Crude oil prices were lower Tuesday morning amid concerns about a world market oversupply into next year, and after U.S. President Donald Trump said he expected “much lower” prices, analysts said.
As of 9.50 a.m. EST, WTI front-month had declined 2 percent to $58.76 per barrel, while Brent front-month was also 2 percent lower at $68.73 per barrel, as of the same time.
“Unless there is a major shift in the narrative, prices will continue to fall until traders find value,” James Hyerczyk, Senior Analyst at FXEmpire.com, told UPI by email.
“Technical factors could contribute to a turnaround because some indicators are showing a severely oversold market,” he added. Yet there is no way to predict when the selling will stop, Hyerczyk added.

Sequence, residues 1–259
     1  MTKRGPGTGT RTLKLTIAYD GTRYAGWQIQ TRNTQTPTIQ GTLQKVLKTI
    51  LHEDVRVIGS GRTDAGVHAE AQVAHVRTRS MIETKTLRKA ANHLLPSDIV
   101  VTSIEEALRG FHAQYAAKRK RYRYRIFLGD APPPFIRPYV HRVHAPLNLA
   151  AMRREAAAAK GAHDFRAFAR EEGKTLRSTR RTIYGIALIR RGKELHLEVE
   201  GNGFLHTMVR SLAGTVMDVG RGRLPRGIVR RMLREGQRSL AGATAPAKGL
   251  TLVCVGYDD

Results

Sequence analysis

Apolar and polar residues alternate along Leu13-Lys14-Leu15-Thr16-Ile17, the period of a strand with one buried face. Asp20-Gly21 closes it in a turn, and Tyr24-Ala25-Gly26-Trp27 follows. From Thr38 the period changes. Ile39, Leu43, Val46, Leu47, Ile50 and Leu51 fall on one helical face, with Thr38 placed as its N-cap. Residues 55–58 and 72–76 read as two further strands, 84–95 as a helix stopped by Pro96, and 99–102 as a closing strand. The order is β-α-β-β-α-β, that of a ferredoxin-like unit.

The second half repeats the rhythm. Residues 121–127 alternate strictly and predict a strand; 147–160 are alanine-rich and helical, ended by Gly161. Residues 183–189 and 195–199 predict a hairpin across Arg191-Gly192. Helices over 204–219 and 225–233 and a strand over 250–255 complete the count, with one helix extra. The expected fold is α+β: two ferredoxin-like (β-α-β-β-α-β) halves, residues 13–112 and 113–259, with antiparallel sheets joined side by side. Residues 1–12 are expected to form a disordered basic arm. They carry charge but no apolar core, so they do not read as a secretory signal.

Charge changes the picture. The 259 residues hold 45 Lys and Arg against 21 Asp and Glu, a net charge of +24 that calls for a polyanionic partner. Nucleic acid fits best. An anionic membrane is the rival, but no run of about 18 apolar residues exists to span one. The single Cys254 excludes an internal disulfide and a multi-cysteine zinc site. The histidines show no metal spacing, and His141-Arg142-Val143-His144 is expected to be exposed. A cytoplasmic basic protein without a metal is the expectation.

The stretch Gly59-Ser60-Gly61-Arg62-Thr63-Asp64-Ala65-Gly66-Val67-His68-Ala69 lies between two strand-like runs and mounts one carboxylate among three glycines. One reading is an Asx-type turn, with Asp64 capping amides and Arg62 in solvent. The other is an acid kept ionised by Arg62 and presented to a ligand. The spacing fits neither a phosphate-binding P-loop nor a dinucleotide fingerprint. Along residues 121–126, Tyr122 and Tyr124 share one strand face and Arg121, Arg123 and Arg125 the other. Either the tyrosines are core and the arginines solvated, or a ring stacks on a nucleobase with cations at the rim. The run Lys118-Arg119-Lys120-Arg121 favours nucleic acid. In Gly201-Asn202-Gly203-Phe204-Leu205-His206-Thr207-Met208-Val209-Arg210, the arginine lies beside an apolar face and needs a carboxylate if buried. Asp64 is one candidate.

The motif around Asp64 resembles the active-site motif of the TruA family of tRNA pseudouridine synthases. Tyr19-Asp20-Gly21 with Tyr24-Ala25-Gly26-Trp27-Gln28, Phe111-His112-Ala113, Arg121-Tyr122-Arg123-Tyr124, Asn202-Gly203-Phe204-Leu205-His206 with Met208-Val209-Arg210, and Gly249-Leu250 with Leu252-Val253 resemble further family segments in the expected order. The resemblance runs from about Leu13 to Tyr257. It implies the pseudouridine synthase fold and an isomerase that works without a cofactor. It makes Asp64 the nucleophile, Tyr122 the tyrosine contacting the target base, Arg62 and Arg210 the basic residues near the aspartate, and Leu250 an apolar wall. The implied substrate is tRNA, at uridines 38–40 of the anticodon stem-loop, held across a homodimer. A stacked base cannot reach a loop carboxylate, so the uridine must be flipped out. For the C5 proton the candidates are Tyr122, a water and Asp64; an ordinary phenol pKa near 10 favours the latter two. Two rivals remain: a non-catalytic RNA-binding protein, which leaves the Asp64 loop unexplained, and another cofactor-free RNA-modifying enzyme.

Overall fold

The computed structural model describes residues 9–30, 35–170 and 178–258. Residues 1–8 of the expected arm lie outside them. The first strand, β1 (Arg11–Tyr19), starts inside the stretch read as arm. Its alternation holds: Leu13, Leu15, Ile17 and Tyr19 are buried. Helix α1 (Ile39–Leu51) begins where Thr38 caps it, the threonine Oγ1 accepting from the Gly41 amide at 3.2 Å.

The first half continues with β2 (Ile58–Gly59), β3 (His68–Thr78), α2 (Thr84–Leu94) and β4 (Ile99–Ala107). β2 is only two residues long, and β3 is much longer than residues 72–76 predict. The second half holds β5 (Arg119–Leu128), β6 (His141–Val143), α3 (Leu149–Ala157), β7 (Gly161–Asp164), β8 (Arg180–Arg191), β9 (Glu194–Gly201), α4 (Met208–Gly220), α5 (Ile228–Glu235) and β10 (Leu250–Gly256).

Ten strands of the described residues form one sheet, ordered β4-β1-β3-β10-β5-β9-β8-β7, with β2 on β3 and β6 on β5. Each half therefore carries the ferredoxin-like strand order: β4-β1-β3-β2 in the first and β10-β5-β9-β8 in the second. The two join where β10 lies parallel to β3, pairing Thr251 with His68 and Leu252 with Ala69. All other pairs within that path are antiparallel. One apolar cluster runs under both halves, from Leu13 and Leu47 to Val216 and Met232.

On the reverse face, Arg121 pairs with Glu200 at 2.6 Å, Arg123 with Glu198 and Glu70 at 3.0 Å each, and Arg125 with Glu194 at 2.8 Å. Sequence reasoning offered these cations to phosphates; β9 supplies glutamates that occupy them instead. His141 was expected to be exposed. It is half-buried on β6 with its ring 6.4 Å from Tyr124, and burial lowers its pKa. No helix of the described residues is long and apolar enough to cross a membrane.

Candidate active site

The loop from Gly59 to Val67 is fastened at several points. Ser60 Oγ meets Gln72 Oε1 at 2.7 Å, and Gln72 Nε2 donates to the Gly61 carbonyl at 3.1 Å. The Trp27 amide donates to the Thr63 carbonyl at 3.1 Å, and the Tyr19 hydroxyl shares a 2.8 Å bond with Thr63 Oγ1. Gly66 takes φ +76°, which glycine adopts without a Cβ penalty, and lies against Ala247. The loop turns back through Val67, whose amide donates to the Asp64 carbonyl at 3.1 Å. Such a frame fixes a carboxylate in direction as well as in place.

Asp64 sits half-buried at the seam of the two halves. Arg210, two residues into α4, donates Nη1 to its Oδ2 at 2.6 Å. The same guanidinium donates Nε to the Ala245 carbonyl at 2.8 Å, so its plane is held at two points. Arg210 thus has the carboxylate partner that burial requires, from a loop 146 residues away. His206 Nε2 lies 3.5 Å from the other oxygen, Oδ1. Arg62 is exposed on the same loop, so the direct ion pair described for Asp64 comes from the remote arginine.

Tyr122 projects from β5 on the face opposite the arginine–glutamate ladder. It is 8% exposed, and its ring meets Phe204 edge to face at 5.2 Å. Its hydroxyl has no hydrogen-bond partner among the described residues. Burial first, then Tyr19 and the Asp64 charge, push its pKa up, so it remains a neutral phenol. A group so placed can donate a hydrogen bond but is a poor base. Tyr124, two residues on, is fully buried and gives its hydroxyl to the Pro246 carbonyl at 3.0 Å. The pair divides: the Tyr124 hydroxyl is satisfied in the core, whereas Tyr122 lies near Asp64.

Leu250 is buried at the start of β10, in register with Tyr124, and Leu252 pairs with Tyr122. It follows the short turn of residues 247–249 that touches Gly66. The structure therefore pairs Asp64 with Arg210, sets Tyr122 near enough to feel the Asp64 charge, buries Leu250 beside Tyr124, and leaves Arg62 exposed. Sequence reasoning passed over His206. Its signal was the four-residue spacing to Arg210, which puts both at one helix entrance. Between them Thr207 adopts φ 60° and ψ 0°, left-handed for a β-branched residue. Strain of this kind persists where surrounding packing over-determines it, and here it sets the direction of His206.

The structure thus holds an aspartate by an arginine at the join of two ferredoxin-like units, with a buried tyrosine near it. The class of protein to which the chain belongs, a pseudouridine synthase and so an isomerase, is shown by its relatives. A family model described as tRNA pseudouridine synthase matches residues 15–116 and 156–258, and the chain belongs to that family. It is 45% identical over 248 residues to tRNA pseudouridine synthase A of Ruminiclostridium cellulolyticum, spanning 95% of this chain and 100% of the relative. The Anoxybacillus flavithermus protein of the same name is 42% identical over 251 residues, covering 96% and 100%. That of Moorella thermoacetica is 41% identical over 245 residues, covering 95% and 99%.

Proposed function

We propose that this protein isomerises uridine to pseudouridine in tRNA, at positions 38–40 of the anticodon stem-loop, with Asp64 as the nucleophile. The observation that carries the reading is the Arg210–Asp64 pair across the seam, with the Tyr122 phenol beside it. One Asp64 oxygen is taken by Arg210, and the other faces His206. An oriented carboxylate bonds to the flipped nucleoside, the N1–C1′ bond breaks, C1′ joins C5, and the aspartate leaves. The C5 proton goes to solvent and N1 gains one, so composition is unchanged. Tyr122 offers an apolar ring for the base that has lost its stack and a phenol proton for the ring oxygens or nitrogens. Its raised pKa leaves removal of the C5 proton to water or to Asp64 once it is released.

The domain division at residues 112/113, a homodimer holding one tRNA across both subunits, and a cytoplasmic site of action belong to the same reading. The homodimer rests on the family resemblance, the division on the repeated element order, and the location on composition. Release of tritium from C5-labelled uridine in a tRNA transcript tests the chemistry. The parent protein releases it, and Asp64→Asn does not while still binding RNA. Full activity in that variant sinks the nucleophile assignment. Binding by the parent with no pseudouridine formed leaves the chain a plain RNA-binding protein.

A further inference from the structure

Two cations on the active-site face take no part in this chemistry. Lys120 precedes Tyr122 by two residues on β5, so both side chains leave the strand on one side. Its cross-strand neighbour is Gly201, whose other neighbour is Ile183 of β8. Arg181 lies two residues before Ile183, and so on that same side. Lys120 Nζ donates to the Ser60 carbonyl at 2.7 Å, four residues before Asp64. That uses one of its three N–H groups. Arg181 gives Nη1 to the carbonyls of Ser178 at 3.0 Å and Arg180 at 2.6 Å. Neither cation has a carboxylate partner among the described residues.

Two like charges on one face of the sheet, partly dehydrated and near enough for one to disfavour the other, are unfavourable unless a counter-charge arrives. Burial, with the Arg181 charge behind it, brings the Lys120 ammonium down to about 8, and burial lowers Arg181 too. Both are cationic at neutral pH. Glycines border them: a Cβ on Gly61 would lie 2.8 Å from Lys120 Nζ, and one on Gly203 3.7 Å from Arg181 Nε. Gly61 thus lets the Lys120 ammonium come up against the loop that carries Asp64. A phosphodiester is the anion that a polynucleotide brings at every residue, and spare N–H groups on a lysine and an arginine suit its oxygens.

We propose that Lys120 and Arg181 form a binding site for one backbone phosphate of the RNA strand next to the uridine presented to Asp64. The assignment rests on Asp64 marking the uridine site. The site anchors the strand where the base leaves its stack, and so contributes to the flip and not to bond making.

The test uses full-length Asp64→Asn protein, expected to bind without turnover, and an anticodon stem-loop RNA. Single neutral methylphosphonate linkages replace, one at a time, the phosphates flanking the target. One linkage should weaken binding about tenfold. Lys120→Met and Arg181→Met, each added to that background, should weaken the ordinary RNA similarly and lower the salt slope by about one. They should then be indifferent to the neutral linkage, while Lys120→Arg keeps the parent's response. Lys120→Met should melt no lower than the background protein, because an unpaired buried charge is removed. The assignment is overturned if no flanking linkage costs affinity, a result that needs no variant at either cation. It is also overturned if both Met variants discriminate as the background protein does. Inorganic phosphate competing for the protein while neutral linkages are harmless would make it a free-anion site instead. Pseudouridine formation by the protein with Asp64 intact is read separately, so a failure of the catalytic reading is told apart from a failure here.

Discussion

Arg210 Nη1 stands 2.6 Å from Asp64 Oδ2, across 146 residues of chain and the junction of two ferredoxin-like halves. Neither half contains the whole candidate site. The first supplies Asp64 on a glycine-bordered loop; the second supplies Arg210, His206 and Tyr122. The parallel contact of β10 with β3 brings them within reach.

Some optimism that the OPEC and non-OPEC nations could jointly announce production cuts disappeared after the failure to reach a consensus to announce joint production cuts during a meeting in the last weekend in Abu Dhabi. The only accord was that that market monitoring would continue until an early December meeting.
In addition, a Monday comment about the oil market by U.S. President Donald Trump added to bearishness.
“Initial optimism stemming from OPEC and their plans to cut oil production had been rebuffed by President Trump, who stated that he hopes, Saudi Arabia and OPEC would not cut production, adding that oil prices should be much lower,” DailyFX analyst Justin McQueen told UPI.
According to an OPEC report released Tuesday, the cartel expects a 2019 global oil supply output increase of about 2.67 million barrels per day, year-over-year.
“Later today, investors will get the opportunity to react to the latest supply data from the American Petroleum Institute,” Hyerczyk said.
The API releases weekly data — limited to subscribers — that includes U.S. inventory levels, on Tuesdays 4:30 p.m EST.
Categories: World News